In purely financial terms, ParkingEye suffered no direct financial loss if an individual motorist overstayed the period of free parking, because it has no interest in the land over which the licence was granted and suffered no immediate loss in terms of income that might otherwise have been derived from another motorist using the car park, as it would if customers were charged a flat rate for using it.
Moore-Bick LJ acknowledged that one of the principal purposes of imposing a parking fine was to deter motorists from abusing the facility by staying beyond the period of free parking. Christopher Clarke LJ in El Makdessi, while not ruling out the possibility altogether, had found it difficult to conceive of a situation in which a clause could be commercially justifiable despite the fact that its dominant purpose was to deter. Moore-Bick LJ felt that his remarks were made in a different context and he had already recognised a tendency on the part of the courts to return to the fundamental test of extravagance and unconscionability. Ultimately, Moore-Bick LJ held that the judge at first instance, faced with a novel situation, felt that the parking charge was not extravagant or unconscionable and that the contract was therefore enforceable at common law. In Moore-Bick LJ's view the judge was right.
Sir Timothy Lloyd agreed. A provision of this kind should not be struck down, merely on the basis that it is a disincentive, or deterrent, against overstaying. This is different from an ordinary financial or commercial contract where terms which require the payment of compensation going far beyond that which the law allows, in the absence of any contract provision, should be struck down. The rules about penalties applied in the present case. If the charge was grossly disproportionate, it could fall foul of the rule. It would be extravagant and unconscionable. On the facts it was not.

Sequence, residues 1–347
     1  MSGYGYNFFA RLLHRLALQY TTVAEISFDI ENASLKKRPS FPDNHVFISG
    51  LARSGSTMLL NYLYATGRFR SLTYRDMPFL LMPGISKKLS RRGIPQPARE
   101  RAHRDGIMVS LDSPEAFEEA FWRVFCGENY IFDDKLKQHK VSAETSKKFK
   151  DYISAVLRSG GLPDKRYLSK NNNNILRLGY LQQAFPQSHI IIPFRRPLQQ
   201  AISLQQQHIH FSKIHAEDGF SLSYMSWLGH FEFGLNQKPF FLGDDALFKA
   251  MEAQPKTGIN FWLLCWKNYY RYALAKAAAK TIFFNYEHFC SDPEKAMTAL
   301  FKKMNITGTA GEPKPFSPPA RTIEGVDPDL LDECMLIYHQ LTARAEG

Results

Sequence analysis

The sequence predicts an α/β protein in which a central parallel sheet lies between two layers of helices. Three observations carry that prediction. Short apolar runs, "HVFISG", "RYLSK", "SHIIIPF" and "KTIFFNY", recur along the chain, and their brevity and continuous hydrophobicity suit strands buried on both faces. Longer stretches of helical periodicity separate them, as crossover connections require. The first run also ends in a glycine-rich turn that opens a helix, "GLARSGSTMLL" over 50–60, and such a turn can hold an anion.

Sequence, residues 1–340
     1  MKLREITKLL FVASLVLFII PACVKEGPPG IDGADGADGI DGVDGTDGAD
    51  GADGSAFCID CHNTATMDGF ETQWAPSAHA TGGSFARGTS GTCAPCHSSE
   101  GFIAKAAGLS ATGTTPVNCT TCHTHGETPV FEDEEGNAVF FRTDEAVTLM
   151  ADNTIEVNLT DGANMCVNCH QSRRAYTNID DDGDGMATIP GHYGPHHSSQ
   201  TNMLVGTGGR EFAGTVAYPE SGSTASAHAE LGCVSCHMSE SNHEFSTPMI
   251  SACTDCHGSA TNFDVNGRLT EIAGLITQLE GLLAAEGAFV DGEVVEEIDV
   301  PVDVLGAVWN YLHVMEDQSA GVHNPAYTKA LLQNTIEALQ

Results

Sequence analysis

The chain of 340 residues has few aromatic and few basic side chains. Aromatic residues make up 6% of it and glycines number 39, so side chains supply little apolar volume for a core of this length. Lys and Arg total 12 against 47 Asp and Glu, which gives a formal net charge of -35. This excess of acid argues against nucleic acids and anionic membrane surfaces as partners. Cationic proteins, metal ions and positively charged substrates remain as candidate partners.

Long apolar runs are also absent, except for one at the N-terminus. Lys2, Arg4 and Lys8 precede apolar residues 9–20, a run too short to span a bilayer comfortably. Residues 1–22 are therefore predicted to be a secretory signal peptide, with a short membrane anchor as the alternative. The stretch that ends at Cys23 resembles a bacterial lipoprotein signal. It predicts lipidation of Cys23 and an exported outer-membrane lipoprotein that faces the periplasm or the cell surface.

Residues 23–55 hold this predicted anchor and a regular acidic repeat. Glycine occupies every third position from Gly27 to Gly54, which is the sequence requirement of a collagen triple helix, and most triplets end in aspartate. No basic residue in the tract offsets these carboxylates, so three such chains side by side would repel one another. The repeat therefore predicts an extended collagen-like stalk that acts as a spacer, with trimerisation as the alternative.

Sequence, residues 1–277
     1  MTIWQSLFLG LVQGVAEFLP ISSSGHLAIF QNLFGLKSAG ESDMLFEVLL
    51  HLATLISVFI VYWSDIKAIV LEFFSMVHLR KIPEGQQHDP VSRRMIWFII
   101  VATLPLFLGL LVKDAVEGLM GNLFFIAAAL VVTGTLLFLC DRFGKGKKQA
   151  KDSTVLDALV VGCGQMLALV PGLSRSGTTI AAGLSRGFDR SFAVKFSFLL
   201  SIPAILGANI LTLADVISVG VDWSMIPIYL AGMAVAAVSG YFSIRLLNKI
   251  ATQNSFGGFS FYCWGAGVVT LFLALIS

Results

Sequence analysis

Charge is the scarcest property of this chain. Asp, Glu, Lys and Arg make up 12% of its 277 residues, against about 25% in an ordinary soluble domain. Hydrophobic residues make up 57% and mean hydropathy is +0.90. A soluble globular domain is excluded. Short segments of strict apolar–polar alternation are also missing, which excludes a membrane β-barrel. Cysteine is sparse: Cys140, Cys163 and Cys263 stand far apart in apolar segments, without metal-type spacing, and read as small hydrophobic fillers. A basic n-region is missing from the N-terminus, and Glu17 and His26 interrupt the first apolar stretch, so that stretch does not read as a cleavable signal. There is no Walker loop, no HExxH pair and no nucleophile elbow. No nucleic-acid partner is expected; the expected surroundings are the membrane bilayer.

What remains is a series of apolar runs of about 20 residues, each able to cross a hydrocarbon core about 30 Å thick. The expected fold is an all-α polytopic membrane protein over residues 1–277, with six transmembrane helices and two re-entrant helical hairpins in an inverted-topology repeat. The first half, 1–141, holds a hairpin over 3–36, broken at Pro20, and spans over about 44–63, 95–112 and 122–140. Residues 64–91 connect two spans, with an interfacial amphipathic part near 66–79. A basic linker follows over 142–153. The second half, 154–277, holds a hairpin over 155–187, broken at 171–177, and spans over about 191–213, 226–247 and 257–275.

In the present case it was possible to present the charges, as the judge did, as commercially justifiable, but Moore-Bick LJ held "in truth they are justified by a combination of factors, social as well as commercial".
In the commercial context a "dominant purpose of deterrence" has been equated to extravagance and unconscionability, but in another context that need not be the case. This, to the author, albeit in a non-commercial context, represents a novel interpretation of the rule against penalties (which the author confesses he had always assumed would have rendered parking charges unlawful).
The court noted that it could have been argued that the parking charge was no more than a conditional payment which the motorist could choose whether to incur or not. Had this been the case the authorities on penalties for breach of contract would have been of no relevance. This method of drafting a contract so that the payment is conditional and not referenced to a breach remains the cleanest way to avoid the rule against penalties.
Mr Beavis has appealed this decision and the appeal is to be heard by the Supreme Court on 21 July 2015 by seven Supreme Court Justices alongside the appeal of Makdessi. His appeal is part-funded by money raised on the crowdsourcing website Indiegogo.